Mediation has been a part of India's dispute resolution landscape and several Indian statutes, such as the Arbitration and Conciliation Act, 1996, the Code of Civil Procedure, 1908, the Commercial Courts Act, 2015, have recognized mediation as a means of alternative dispute resolution, but there was no standalone legislation governing the conduct of mediation in India. In order to remove the inconsistencies in several existing legislations, the Central Government vide notification1 dated September 14, 2023, notified the Mediation Act, 2023 ("Act") with the aim to promote and facilitate mediation2 for resolution of disputes in a time bound manner and enforce mediated settlement agreements in a cost-effective manner. In this article, we discuss and analyze some of the key aspects of the Act and its potential for an amicable dispute resolution in India.

Key Provisions of the Act

Applicability: The Act is applicable to (i) mediations being conducted in India and (ii) where all or both parties habitually reside in or are incorporated or have their place of business in India; or the mediation agreement provides that the dispute would be resolved as per the provisions of the Act; or there is an international mediation; or there is a commercial dispute where one of the parties is a government or a government entity; or to such other government disputes as may be notified.

India is a signatory to the United Nations Convention on International Settlement Agreements Resulting from Mediation (popularly known as Singapore Convention on Mediation) which provides for the enforcement of mediated settlement agreements in the courts of the home country of the counter party, but the Act has not included within its purview the enforcement of mediated settlement agreements where such mediations are conducted outside of India. Thus, the Act has missed the opportunity to allow enforcement of mediated settlement agreements reached between parties outside of India.

Exclusions: Unlike the Arbitration & Conciliation Act, 1996, where issues related to non-arbitrability of disputes has not been specified, the First Schedule of the Act prescribes an indicative list of matters which are deemed unfit to be resolved by mediation, such as matters pertaining to, prosecution for criminal offences; levy, collection, penalties or offences, in relation to any direct or indirect tax or refunds; proceedings under the Competition Act, 2002, Securities and Exchange Board of India Act, 1992; non-commercial disputes by or against the government; land acquisition and determination of compensation under land acquisition laws and any other subject matter of dispute which may be notified by the Central Government.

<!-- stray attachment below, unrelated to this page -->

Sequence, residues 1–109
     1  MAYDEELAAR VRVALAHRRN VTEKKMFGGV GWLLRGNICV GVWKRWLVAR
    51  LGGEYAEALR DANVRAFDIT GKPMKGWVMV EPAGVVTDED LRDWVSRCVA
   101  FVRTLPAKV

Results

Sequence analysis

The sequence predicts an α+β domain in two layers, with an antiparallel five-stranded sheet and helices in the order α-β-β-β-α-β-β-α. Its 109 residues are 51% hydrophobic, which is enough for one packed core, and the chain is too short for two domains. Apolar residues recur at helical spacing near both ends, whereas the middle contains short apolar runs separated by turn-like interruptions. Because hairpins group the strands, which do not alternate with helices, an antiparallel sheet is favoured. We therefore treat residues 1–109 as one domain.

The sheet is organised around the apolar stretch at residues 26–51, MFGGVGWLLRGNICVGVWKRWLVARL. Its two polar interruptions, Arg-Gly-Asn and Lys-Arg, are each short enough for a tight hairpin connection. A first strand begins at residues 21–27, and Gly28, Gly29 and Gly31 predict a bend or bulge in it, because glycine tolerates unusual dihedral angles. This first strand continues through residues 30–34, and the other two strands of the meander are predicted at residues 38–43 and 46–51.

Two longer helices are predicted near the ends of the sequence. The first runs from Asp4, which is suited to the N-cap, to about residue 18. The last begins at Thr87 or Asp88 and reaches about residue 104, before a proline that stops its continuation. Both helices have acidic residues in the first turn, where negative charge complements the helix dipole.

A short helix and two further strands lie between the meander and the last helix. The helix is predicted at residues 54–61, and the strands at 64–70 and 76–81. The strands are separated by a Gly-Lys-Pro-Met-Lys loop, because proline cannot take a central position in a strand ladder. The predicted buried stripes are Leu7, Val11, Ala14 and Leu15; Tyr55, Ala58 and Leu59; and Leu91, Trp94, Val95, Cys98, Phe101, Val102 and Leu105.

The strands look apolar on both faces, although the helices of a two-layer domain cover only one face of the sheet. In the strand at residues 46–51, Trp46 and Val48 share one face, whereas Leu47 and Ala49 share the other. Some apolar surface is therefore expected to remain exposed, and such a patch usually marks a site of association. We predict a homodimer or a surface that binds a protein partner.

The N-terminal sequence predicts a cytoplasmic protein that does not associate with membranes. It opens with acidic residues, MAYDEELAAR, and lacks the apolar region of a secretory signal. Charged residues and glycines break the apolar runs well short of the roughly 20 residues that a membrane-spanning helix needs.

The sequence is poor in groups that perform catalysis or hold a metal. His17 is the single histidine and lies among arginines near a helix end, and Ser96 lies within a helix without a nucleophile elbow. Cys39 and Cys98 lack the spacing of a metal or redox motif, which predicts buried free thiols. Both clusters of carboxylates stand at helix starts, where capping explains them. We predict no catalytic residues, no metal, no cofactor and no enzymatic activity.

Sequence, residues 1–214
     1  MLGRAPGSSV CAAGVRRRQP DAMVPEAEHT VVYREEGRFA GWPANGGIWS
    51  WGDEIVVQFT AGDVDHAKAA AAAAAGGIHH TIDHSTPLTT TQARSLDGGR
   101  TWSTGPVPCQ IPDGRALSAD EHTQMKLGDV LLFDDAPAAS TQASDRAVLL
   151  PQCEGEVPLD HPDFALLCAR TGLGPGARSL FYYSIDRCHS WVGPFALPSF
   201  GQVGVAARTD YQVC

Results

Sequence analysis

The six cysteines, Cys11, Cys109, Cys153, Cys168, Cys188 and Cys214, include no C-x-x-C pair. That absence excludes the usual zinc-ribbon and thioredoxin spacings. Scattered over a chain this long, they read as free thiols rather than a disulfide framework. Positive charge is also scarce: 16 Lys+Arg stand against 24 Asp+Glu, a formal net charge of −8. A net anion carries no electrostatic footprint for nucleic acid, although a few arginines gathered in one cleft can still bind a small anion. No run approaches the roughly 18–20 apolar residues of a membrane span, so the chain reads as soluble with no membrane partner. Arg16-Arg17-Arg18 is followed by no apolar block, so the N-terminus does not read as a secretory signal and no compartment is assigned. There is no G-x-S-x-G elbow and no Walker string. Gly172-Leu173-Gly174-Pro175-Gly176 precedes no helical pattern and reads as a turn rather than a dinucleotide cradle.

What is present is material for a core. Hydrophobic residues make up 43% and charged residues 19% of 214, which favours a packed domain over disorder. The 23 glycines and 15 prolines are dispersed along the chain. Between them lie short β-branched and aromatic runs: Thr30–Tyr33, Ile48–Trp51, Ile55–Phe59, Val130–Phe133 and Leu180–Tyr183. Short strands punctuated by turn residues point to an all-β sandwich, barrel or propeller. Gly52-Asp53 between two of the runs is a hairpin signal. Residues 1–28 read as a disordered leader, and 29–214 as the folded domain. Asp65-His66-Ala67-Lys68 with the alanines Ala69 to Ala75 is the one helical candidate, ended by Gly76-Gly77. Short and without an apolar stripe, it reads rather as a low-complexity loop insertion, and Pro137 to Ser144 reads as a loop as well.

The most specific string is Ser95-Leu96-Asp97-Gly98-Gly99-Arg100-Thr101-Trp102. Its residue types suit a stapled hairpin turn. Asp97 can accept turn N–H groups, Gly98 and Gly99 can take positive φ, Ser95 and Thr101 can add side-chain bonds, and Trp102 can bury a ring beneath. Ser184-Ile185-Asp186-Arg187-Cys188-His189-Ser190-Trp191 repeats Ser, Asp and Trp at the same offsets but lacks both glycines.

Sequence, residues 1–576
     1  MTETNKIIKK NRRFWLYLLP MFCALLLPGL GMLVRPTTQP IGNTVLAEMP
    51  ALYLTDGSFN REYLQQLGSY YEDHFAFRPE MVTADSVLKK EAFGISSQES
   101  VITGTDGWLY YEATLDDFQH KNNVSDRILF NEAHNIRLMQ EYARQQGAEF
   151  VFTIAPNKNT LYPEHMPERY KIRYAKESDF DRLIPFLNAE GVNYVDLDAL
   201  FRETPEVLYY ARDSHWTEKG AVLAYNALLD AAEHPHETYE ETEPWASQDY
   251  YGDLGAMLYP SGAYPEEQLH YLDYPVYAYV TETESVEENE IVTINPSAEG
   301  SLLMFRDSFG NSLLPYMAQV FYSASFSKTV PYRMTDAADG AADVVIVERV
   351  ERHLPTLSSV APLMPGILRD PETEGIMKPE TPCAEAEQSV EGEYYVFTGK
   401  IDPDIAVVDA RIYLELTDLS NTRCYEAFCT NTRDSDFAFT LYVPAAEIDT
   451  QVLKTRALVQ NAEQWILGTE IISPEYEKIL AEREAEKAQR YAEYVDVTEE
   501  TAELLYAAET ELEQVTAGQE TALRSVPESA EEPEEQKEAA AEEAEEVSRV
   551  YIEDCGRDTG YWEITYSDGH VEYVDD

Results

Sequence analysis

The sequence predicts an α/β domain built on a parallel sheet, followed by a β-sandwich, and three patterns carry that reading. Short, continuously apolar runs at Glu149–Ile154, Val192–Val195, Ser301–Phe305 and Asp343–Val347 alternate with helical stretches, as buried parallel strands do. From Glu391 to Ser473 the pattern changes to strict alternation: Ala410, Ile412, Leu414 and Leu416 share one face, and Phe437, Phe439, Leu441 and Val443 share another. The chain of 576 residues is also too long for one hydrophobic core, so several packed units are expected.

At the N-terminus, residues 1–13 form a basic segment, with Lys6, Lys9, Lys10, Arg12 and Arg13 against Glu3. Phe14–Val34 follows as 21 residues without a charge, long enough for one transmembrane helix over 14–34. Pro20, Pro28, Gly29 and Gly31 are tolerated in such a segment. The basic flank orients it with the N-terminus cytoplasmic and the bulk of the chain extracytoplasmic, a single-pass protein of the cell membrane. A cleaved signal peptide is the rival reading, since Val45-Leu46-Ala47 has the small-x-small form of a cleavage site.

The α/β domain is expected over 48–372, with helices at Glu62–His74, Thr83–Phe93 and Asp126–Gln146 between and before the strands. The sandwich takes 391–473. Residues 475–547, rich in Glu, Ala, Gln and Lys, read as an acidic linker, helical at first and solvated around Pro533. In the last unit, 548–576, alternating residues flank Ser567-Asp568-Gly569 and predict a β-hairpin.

The Act also does not apply to disputes that affect the rights of a third party who are not a party to the mediation proceedings, except only in matrimonial disputes where the interest of a child is involved.

Mediation in Criminal Disputes: While the First Schedule to the Act excludes prosecution of criminal offences from the ambit of mediation, the Act enables a court to refer any dispute relating to compoundable offences including the matrimonial offences to mediation. In such a case, the outcome of mediation will not be deemed to be a judgment or decree of court and the mediation outcome must be considered by the court.

Eligibility of Mediators: The Act defines mediator as a person (of any nationality) who is appointed under the Act to be a mediator, by the parties, or by a mediation service provider, and includes a person registered as mediator with the Mediation Council of India ("MCI") as may be established by the Central Government.

Appointment of Mediators: The Act recognizes the autonomy of the parties to decide the procedure and to appoint any person as a mediator. For this, parties may enter into a written agreement to mediate either before or after the dispute arises. In case the parties fail to reach an agreement, then the party initiating the mediation can make an application to a mediation service provider for the appointment of a mediator.

Similar to the appointment and disclosure regime applicable to arbitrators, the Act requires a person appointed to be a mediator to pre-disclose in writing to the parties regarding any circumstance or potential circumstance that may constitute any conflict of interest or that is likely to give rise to justifiable doubts as to his independence or impartiality as a mediator. Further, a mediator so appointed cannot act as an arbitrator or a counsel of a party in any arbitral or judicial proceeding which is subject matter of the mediation proceedings or be presented as witness in any proceeding.